The autobiography The Kid Stays In The Picture by one time hot-shot studio head and producer Robert Evans may be the only book to have gained a cult following with its audio recording. Evans reads from his own pages, and his cool persona as a guy with a lot of regret and a lot of amazing memories are quite entertaining. The film version uses those audio recordings for narration and a lot of archive footage, film clips, and most creatively still pictures with a 3-D effect to tell this rather astounding story of Evans' miraculous Hollywood rise and then devastating fall.

At first Evans was in the clothing business in New York with his brother. And then one lucky break after another happened for the tanned haberdasher. Famously, on a business trip to Los Angeles he was “discovered” by Norma Shearer while lounging by the pool at the Beverly Hills Hotel. He was thrust into a minor acting career playing Irving Thalberg in the Lon Chaney bio A Man Of A Thousand Faces and then Pedro the bullfighter in The Sun Also Rises. That was the peak as an actor but he soon became an independent producer developing The Detective with Frank Sinatra. With Gulf & Western taking over Paramount Pictures out of seemingly nowhere Evans was made the Head of Production.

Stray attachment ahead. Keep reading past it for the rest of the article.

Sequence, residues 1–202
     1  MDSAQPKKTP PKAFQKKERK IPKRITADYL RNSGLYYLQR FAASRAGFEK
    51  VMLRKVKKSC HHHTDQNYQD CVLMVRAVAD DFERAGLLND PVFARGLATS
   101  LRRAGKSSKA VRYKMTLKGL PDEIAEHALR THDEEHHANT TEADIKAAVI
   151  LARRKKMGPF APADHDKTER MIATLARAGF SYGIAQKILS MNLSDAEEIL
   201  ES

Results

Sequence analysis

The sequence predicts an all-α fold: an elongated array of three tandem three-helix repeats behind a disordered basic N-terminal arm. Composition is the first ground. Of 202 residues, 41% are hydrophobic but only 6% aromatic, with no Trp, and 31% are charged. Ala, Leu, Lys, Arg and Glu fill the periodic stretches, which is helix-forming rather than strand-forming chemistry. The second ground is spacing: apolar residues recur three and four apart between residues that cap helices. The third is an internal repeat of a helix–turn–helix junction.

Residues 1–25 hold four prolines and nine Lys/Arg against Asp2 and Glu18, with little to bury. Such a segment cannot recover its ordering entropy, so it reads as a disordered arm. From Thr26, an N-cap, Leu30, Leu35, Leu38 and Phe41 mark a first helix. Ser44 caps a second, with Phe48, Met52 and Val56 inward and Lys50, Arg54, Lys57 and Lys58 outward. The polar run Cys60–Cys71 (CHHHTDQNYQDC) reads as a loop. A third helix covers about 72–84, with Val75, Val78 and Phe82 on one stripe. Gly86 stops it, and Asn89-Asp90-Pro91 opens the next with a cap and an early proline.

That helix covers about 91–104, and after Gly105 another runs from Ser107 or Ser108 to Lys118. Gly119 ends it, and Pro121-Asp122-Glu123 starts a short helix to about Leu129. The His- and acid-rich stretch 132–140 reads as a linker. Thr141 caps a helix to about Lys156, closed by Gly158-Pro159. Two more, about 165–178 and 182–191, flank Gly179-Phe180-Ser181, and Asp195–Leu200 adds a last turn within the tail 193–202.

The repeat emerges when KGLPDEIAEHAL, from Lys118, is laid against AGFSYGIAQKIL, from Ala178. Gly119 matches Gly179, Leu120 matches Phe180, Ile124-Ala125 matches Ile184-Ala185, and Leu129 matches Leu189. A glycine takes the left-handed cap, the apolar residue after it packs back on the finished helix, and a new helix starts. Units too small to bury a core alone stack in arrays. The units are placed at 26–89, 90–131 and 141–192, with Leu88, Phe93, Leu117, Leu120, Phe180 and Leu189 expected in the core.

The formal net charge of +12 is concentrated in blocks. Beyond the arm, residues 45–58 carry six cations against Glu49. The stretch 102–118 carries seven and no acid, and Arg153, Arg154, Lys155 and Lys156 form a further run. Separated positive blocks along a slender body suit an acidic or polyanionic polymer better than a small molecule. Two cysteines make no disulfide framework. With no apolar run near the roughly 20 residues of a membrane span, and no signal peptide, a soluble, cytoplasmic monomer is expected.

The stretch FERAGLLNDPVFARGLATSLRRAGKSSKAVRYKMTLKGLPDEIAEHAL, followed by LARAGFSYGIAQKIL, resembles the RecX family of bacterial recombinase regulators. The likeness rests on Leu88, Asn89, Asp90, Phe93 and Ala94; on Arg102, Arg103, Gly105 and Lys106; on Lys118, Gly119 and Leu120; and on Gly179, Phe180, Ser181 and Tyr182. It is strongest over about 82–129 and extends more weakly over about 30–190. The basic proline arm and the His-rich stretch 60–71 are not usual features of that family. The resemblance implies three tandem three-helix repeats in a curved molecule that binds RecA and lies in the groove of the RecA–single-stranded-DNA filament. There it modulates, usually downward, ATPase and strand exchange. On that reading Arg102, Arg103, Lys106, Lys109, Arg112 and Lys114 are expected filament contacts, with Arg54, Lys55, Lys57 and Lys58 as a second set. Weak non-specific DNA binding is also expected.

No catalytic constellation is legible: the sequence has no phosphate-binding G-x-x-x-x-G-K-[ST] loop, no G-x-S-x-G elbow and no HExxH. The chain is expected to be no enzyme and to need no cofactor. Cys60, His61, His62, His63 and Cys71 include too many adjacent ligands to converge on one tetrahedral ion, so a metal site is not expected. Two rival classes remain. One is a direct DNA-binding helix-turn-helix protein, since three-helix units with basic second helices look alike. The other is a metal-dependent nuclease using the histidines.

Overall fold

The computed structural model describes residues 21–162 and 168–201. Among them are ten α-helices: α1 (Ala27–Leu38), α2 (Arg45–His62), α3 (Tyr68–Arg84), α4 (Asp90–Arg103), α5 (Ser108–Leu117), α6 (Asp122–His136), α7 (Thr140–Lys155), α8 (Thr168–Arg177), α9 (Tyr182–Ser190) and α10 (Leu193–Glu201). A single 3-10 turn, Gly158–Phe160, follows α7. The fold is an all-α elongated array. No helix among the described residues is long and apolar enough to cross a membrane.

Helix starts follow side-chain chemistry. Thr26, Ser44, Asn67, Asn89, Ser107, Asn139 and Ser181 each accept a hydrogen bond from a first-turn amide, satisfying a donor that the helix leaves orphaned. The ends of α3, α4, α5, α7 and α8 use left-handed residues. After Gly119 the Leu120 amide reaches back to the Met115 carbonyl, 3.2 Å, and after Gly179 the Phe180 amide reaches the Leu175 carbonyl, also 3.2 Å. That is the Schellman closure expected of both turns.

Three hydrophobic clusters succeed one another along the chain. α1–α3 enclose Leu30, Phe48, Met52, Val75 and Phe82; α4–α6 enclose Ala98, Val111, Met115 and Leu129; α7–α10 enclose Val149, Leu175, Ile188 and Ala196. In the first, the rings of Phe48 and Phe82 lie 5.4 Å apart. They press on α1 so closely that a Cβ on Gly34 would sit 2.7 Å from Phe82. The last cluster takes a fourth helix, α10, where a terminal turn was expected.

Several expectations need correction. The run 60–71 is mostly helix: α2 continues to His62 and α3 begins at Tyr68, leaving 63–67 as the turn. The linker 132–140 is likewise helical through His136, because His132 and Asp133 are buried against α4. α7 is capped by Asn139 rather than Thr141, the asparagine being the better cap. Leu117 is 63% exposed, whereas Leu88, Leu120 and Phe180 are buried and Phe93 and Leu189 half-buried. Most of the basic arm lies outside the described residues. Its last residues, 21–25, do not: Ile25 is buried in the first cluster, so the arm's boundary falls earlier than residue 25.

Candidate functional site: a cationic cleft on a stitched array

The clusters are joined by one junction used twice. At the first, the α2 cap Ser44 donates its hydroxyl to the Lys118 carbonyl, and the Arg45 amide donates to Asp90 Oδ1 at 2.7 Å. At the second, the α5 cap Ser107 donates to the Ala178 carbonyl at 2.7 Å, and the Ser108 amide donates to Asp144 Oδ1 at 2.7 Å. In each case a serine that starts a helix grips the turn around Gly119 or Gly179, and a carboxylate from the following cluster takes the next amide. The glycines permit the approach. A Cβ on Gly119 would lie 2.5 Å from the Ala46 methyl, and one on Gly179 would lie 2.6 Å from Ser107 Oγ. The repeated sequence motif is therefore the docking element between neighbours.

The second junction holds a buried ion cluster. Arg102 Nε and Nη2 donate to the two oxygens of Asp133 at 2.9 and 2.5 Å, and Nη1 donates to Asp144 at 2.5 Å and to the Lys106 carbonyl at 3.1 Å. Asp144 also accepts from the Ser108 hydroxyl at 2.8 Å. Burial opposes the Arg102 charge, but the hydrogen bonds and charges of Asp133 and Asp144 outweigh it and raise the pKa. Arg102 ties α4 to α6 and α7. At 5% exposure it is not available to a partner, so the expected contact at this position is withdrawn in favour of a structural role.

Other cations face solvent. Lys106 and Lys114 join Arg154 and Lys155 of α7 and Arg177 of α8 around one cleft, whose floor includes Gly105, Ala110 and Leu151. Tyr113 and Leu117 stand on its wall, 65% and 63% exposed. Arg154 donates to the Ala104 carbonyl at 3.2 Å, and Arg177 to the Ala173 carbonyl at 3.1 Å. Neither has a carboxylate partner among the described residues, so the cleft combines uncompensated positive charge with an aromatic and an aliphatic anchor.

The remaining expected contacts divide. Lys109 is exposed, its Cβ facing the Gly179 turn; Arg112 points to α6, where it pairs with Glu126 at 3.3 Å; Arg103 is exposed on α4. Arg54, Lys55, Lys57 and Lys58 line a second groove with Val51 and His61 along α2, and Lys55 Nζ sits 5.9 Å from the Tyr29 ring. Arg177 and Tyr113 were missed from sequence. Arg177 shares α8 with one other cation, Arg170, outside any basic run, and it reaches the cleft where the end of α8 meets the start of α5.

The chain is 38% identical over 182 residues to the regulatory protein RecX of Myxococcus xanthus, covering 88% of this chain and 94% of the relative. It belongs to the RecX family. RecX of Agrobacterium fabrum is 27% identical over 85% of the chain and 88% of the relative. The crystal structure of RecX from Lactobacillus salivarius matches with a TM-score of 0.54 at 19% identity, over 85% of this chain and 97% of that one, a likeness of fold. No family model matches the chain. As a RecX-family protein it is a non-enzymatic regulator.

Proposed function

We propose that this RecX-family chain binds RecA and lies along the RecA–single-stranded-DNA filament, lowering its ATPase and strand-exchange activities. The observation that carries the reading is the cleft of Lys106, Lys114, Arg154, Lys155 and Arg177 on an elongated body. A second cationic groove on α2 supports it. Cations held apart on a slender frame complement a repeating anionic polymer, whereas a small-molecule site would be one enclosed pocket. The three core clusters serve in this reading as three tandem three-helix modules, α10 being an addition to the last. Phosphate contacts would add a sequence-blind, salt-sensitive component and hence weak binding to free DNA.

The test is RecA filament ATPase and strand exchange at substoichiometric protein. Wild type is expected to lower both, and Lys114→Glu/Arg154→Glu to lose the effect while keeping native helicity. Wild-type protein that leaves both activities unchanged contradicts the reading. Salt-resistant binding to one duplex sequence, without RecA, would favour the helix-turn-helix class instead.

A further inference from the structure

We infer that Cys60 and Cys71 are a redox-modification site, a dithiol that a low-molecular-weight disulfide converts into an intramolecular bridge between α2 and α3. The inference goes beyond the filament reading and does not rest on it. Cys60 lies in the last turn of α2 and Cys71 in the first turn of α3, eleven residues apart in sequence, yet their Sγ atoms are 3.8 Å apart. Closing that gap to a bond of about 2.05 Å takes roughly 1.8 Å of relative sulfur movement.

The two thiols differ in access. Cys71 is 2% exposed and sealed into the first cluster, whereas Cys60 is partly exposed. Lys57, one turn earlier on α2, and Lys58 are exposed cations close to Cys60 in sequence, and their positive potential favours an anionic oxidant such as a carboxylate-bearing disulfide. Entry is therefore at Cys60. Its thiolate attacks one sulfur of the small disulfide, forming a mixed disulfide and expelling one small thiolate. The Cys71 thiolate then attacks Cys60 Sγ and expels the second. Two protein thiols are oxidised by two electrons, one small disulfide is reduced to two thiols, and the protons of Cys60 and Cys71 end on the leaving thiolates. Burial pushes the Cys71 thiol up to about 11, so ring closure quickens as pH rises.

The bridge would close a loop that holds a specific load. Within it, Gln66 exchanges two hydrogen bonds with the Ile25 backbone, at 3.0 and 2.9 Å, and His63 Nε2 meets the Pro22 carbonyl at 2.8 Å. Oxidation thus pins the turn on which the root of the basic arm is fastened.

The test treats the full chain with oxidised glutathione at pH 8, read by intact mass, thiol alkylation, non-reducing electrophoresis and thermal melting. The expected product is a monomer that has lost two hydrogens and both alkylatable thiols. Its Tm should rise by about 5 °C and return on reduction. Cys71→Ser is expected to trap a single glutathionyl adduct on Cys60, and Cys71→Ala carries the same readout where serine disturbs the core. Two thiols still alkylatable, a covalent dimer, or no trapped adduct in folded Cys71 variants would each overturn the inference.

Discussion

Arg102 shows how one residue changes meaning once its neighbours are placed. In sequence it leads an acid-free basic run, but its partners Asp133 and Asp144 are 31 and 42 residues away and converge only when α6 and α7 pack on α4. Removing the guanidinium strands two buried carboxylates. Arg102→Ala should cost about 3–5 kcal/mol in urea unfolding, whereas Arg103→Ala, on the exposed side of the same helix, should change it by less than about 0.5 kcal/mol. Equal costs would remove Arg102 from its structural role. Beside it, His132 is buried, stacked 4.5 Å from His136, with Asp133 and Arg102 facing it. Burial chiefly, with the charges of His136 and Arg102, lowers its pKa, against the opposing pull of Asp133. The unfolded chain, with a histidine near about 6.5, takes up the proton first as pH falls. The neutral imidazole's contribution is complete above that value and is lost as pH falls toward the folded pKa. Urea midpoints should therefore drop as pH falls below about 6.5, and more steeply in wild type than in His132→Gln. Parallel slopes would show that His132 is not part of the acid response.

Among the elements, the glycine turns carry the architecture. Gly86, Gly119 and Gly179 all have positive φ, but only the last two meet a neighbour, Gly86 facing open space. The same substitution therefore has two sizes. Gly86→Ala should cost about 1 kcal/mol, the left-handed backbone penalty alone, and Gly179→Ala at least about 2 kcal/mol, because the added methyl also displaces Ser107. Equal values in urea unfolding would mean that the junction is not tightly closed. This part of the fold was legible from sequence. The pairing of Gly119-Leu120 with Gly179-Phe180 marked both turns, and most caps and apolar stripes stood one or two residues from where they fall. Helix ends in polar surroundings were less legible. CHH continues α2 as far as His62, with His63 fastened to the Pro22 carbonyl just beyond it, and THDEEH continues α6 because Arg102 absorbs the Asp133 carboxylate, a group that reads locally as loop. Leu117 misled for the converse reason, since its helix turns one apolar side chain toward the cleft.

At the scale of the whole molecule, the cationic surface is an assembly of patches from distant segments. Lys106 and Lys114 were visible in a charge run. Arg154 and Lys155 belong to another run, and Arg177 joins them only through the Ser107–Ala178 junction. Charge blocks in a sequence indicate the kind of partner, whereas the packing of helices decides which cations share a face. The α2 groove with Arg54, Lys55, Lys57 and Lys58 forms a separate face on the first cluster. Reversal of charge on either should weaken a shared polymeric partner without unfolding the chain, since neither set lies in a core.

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Posted by:
Sean Sweeney
Jun 6, 2011 8:28pm

The King Of Kong: A Fistful Of Quarters

Dir: Seth Gordon, 2007. Starring: Steve Sanders, Steve Wiebe, Billy Mitchell. Documentary.

Going back to Grey Gardens in 1975, so many successful and fascinating documentaries have been about misfits in their exotic sub-culture world. Through Gates Of Heaven, The Cruise, American Movie, and Hell House the viewers are given a glimpse into a unique world that they may not have otherwise known exists. Not only do these often oddball worlds exist, but the people who live in them are completely passionate or even obsessed with maintaining their status in them. One such "world" is the competitive classic arcade game scene. It started - and maybe peaked - in the '80s but according to the fascinating documentary, The King Of Kong: A Fistful Of Quarters, it still continues and the nerds who occupy this world are obsessed with it.